GOLD PRICES slipped by $5 per ounce this Thursday lunchtime, as markets turn their attention to Jackson Hole. Gold rose to $1291 yesterday amid concerns over President Donald Trump’s threats to shut down the U.S. government and withdraw from NAFTA, writes Atsuko Whitehouse at BullionVault.
Markets are focussed on the Economic Policy Symposium, which begins today at Jackson Hole, Wyoming. Federal Reserve Chair Janet Yellen and European Central Bank President Mario Draghi are scheduled to speak on Friday.
“I think people will most look forward to, but also be most disappointed by, the Draghi speech,” Bill Northey, chief investment officer at U.S. Bank Private Client Group said. “At most he will make some additions to what is already known, but it will be devoid of any real new policy information.”
However, "If any news does emerge from Jackson Hole, thin liquidity in the summer could amplify any market move, so the market will be on edge even with nothing expected," said Kumiko Ishikawa, FX market analyst at Sony Financial Holdings in Tokyo.
On Tuesday President Donald Trump threatened a government shut down if he doesn't get funding for the proposed border wall with Mexico at a rally in Arizona.
"It's clearly concerning if he wants to tie the wall to the government shutdown. That's certainly an issue and that's an issue for the dollar," Chris Watling, CEO of Longview Economics, stated on Wednesday.
At the same rally President Trump also said he doubts the United States can reach a deal to renegotiate the North American Free Trade Agreement (NAFTA) which is a trade agreement with Mexico and Canada
Congress needs to pass a spending measure to keep the government open by 30th September, and faces a deadline to raise the nation’s debt limit by mid-October or the United States will risk defaulting on its debt obligations.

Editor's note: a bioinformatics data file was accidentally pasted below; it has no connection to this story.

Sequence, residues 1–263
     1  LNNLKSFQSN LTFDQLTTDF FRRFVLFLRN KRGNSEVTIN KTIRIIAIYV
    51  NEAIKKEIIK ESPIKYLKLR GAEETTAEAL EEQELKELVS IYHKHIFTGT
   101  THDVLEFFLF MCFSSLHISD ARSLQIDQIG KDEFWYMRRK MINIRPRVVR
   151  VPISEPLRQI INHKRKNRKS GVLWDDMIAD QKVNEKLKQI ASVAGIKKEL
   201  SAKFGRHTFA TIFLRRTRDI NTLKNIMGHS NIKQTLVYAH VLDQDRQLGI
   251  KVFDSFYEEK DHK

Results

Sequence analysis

“While political manoeuvring can lead to a shutdown, missing a debt payment is considerably more serious and one that in this game of brinkmanship largely within the Republican Party neither side seems to want to risk,” Marc Chandler, global head of currency strategy at Brown Brothers Harriman & Co., wrote in a note Wednesday.
Fitch Ratings said on Wednesday, “If the debt limit is not raised in a timely manner prior to the so-called "x date" Fitch would review the US sovereign rating, with potentially negative implications. We have previously said that prioritising debt service payments over other obligations if the limit is not raised - if legally and technically feasible - may not be compatible with 'AAA' status. “
The Congressional Budget Office (CBO) estimates that the Treasury is likely to exhaust "extraordinary measures" (reaching the "x date") in October.
During the debt ceiling showdown in August 2011, Standard & Poor's stripped the United States of its highest rating. It has since then kept a slightly lower grade of AA+ on the world's largest economy. Neither Fitch nor Moody’s cut its AAA rating.
Immediately after the S&P's downgrade six years ago, the Treasuries market rallied, sending yields lower and helped to push the gold price higher, reaching over $1900 in August 2011.
The dollar index, which tracks the U.S. currency against a basket of six other major currencies, gained 0.1 percent to 93.270 on Thursday lunch time, following the previous day's 0.4 percent slide.
Most Asian indexes closed higher on Thursday despite US equities closing lower. European markets were higher Thursday lunchtime, FTSE 100 Index gained 0.5 percent to the highest in more than a week and DAX Index increased 0.3 percent.
Germany’s central bank has completed its operation to bring back $27.9 billion worth of gold reserve from New York and Paris to Frankfurt, announced by the Bundesbank on Wednesday. The operation started in 2013 and was expected to be completed in 2020.
Data from the World Gold Council shows that Germany as of July 2017 holds 3,374.1 tonnes in their gold reserve. It has the second biggest gold reserve after the United States.
As a result of the transfer, 50.6 percent of its reserves are now stored in Frankfurt. The remainder is split between the U.S. and Britain, with 36.6 percent at the Federal Reserve and 12.8 percent at the Bank of England.